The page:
10053 – Jasper Avenue , Edmonton
In 1910, when Union Bank announced plans to build on this site few people would have predicted the building would hold a unique place in Edmonton’s history. Shortly after opening, the Bank was one of over 10 banks situated on Jasper Avenue between 100 and 101 streets. Today it is the last remaining bank building of the pre-1914 era left on Jasper Avenue.
The Union Bank of Canada opened its first branch in Edmonton in 1900. As the business grew, land was sought on which to construct a suitable building. Buying property from Frank H. Gray for $50,000 in 1909, the Bank hired local architect Roland Lines to design this building.
Designed in the Modern Renaissance style, the local firm of Otto Edinger and Everett Nesbitt were hired as contractors. The base of the building is solid Bedford limestone from Indiana, also found on another Lines building, the Canada Permanent Trust. The red pressed brick, which came from local brickyards added colour to the appearance of the building.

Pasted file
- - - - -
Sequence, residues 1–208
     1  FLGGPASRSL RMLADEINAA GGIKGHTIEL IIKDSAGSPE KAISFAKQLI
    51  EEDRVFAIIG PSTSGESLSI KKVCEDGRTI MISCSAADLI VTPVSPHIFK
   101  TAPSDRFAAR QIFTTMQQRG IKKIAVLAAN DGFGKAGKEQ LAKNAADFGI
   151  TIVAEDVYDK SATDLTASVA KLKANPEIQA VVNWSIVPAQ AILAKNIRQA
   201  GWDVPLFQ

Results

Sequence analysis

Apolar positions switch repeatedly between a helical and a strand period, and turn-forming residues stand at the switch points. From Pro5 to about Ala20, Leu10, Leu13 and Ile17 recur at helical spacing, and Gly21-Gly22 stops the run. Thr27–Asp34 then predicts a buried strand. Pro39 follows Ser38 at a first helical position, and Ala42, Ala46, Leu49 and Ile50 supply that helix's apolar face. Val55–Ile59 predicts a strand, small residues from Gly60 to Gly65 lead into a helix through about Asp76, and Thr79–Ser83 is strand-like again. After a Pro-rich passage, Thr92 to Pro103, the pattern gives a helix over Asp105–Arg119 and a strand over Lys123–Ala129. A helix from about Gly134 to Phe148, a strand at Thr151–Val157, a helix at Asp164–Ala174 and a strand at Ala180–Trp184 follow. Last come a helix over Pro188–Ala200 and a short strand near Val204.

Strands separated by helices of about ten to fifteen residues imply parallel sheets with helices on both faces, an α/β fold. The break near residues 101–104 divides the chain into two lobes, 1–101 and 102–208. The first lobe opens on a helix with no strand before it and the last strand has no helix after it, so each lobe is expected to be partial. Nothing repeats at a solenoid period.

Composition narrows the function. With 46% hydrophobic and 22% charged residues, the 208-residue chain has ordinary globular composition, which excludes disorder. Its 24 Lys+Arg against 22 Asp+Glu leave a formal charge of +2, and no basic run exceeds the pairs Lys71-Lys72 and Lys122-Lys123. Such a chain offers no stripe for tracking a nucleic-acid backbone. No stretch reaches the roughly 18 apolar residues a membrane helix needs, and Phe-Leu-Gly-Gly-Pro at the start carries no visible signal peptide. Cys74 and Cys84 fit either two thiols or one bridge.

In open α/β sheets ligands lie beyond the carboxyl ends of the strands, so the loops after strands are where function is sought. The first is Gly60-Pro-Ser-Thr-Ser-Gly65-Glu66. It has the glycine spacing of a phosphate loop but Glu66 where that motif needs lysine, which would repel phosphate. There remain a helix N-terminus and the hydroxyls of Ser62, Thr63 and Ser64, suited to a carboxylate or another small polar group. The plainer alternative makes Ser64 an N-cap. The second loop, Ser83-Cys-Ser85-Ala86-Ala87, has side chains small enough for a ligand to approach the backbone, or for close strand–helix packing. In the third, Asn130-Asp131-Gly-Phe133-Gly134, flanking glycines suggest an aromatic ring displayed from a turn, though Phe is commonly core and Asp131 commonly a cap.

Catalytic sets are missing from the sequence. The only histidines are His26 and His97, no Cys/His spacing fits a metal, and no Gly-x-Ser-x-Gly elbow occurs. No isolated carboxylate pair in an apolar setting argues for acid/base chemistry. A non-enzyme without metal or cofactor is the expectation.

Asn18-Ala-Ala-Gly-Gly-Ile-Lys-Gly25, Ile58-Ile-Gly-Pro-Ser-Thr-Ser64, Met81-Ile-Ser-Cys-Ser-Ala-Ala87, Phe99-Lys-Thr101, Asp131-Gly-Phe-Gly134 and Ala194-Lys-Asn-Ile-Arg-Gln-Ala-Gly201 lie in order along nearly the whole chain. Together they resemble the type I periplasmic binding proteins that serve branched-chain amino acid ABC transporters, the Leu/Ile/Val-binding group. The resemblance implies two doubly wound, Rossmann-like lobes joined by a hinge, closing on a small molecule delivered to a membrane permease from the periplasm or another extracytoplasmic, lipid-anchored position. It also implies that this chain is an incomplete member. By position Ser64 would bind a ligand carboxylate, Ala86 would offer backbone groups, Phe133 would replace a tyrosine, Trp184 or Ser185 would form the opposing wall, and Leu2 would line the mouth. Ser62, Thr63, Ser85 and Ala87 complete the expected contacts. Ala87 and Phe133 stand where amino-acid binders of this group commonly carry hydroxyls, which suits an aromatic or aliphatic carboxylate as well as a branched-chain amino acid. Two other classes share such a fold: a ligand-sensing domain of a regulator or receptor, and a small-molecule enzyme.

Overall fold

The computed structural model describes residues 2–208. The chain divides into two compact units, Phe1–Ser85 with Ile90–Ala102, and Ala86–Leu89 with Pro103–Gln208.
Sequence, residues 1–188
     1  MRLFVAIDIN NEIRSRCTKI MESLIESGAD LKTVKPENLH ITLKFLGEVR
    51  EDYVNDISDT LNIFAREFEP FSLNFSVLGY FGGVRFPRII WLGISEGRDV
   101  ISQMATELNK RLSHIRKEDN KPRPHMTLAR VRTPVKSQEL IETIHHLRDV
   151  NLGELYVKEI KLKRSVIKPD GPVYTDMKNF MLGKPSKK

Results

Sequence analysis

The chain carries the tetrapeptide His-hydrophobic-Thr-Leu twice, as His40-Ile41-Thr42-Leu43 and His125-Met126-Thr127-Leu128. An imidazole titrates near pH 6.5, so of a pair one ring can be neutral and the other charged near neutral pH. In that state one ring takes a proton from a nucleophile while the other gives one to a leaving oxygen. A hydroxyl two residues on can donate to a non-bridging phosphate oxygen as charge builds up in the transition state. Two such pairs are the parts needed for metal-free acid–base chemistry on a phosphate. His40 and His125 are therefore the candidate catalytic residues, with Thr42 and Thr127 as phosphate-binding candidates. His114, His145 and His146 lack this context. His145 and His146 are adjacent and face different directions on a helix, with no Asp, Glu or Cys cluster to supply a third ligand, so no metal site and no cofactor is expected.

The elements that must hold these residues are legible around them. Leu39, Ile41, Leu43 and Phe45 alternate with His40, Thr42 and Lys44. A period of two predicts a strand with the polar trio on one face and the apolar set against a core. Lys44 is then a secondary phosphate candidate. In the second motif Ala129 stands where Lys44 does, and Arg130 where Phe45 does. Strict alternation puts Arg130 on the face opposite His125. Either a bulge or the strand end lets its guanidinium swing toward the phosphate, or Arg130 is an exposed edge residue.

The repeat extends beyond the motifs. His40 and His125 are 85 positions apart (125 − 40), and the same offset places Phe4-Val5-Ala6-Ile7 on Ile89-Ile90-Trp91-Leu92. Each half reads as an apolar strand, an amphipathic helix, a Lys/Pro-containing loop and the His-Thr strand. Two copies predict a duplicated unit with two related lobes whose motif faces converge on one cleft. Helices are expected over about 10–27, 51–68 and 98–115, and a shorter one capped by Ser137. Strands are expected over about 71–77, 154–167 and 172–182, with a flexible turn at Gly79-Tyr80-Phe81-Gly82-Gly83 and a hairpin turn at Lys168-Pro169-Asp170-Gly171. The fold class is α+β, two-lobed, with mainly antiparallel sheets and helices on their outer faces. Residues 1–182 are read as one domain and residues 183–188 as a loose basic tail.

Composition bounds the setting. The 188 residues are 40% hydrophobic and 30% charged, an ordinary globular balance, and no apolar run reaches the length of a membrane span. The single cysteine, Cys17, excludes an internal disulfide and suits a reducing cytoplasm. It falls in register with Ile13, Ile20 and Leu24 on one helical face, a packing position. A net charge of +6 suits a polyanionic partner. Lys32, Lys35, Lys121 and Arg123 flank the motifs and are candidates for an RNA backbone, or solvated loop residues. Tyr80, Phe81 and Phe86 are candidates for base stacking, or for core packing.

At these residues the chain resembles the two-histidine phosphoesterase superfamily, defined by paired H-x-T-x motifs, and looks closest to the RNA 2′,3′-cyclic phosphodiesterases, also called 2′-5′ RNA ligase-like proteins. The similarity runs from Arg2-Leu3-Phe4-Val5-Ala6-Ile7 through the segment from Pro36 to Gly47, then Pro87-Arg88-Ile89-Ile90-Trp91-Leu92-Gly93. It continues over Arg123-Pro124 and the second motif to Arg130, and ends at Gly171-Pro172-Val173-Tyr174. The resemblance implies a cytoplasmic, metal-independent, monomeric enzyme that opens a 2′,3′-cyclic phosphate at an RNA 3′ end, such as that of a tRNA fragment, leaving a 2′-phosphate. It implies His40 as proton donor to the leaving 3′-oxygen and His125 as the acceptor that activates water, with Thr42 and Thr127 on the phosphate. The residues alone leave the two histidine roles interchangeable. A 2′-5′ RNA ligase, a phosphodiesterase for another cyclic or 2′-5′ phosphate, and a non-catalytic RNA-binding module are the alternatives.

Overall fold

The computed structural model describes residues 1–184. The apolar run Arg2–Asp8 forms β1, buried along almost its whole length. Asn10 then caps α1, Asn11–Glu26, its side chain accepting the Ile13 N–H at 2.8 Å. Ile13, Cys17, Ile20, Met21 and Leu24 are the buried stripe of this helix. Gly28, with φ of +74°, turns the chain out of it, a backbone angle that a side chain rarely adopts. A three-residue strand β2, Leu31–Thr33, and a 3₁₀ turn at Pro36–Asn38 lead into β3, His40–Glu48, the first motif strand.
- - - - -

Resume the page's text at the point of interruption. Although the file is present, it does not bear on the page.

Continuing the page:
In the original design, the main floor was used as the banking floor. The floor was tiled and finished with columns, entablatures and mahogany woodwork. The building was purchased by the Canadian Realty Company in 1911 for $121,500. In 1928, James Richardson and Sons became the new owner and held on to the building until 1979 when it was purchased by North West Trust.
Following many years of neglect, the building was beautifully restored by Diane Kyle-Buchanan and re-opened as the Union Bank Inn.
- Edmonton Historical Board
Edmonton Historical Board Plaque Award
Municipal Historic Resource (August 20, 1996)